While there's not exactly incontrovertible evidence to support it, there's a damn good chance that Minneapolis synth-punks Motion City Soundtrack are the reason Weezer decided to hang it up for good. Surely, the band's mediocre latter-day output coupled with MCS' brilliantly over caffeinated post-punk take on Weezer's own hyper self-aware bubblegummy arena-rock was enough to convince Rivers Cuomo to pack it in and head back to Harvard. Maybe that's the case and maybe it's not, but at any rate, Even If It Kills Me is crammed with enough mouth-watering synth-buzzing pop-punk confections to give the aforementioned band's Blue Album a run for its cardigan-destroying money.
Always one of the brainier bands to have been cattle herded into the Warped demographic, MCS' brazenly off-kilter songwriting approach has always meshed well with Justin Pierre's pop culture obsessed motor mouthed lyrical bromides, but here both have reached new levels of refinement -- his brainy everyman and their scrappy pop-punk pedigree culminating in one gloriously destructive three-minute pop firebomb after another. They've always had a knack for hooks and choruses, but "This Is For Real" and "Broken Heart" are easily the catchiest things they've ever committed to tape, with the driving and utterly jubilant "Calling All Cops" following closely behind. Part of that can be attributed to their choice of producers - Fountains of Wayne's Adam Schlesinger and GVSB's Eli Janney tag-teamed several tracks, while legendary Cars frontman Rik Ocasek helmed several more - men with more than a little knowledge of how to tweak the knobs to craft pure radio-rock perfection.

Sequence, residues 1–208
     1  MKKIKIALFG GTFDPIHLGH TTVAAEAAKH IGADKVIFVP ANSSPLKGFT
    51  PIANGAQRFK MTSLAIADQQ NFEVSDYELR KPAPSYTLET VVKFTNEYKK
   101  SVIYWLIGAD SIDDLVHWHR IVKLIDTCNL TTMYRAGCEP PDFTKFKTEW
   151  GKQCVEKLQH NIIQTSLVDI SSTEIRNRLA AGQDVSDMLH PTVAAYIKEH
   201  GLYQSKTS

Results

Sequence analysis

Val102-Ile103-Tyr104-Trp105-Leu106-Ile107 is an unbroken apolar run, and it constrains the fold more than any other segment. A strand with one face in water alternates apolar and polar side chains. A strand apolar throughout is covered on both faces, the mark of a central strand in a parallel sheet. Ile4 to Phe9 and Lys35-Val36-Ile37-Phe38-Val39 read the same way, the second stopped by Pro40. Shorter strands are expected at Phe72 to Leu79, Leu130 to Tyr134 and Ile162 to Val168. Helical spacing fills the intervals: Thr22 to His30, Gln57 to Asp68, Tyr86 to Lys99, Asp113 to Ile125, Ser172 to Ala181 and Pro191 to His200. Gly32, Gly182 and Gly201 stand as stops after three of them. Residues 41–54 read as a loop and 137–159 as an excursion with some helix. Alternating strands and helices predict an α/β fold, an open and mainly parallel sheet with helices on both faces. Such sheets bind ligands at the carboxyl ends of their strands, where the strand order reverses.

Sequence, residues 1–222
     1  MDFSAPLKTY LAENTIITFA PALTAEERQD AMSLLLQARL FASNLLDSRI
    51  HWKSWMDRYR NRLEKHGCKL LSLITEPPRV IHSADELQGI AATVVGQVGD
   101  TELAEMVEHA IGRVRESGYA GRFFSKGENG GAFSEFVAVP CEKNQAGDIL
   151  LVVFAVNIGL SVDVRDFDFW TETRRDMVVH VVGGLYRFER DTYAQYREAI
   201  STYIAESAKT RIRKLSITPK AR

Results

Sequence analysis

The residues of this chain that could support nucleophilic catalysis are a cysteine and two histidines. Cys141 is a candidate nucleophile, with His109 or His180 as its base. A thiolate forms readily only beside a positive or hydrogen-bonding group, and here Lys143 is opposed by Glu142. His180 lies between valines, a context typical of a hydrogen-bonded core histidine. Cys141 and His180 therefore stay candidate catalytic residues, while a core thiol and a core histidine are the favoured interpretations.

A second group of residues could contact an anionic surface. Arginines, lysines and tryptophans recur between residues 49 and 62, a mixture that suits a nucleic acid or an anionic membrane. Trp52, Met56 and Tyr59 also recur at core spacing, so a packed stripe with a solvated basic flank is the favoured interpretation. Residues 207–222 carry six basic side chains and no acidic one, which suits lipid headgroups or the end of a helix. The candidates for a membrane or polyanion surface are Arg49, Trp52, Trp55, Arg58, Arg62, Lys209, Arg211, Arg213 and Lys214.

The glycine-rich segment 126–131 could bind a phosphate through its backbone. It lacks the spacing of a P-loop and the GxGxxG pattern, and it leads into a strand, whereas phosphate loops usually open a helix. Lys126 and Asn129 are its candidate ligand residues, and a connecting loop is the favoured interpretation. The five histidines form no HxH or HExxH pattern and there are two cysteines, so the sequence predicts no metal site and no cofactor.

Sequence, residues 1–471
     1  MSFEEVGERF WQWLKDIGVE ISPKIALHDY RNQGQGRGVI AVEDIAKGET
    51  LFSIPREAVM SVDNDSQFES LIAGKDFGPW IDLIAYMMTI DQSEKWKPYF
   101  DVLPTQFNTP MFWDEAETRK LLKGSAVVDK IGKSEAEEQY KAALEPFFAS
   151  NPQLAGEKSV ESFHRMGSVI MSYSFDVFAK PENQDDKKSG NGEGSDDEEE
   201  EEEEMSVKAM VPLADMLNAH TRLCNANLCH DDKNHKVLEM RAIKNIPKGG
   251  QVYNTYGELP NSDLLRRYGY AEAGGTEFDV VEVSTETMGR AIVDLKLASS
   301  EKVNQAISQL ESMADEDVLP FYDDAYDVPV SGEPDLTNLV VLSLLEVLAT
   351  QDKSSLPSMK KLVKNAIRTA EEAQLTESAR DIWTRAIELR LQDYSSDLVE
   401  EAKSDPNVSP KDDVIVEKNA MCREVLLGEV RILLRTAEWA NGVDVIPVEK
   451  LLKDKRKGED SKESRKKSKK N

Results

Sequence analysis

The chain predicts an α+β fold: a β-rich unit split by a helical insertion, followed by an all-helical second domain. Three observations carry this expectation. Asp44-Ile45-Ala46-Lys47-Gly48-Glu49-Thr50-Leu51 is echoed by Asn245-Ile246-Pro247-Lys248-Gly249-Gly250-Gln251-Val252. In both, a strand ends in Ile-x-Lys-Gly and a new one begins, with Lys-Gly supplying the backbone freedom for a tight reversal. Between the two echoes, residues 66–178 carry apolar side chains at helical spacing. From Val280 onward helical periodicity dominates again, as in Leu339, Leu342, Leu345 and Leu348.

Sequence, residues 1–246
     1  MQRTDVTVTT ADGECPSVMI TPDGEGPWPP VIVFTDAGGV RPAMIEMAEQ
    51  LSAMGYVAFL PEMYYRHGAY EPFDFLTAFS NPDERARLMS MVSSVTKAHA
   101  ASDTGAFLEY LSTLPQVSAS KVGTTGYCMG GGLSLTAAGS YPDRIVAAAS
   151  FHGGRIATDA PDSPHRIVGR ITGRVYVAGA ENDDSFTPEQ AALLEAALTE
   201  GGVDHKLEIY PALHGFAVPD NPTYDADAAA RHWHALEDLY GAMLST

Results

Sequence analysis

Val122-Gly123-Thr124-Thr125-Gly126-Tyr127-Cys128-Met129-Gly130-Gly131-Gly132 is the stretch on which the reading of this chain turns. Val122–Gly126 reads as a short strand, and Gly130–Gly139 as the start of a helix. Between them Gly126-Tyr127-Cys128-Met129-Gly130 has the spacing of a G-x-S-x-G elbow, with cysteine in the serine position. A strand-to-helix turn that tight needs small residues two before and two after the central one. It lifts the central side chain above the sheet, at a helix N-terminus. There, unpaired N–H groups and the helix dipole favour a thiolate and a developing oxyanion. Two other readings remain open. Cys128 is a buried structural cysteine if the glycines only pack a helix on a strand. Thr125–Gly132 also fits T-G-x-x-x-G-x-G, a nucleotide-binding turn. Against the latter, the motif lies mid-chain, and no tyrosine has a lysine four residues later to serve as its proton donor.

But even a great producer can't do much without well-written songs, and even without their dream team's deft touch behind the boards, "Fell in Love Without You" and "Where I Belong" are some of the finest songs of their career, emotionally tangled and steadfastly rocking in equal measure. Pretty piano ballad "The Conversation" recalls Ben Folds in both tone and timbre, and proves a welcome, albeit brief, respite from the whizzing Moog's and stacked power-chords that dominate the rest of the album.
Even If It Kills Me should prove to be Motion City Soundtrack's breakthrough/break-out album. Not to say that they've peaked or reached a creative zenith upon which they will never sit again, but rather, it feels like the next stage in their evolution from spazzy pop-punk prodigies to full-blown arena-aping superstars, which, as everybody knows, is the hurdle most "promising" bands never make it past. With Even If It Kills Me MCS have not only traversed those hurdles effortlessly, but now look set to kick down the door marked "Big Time" and barge their way inside.
"This Is For Real"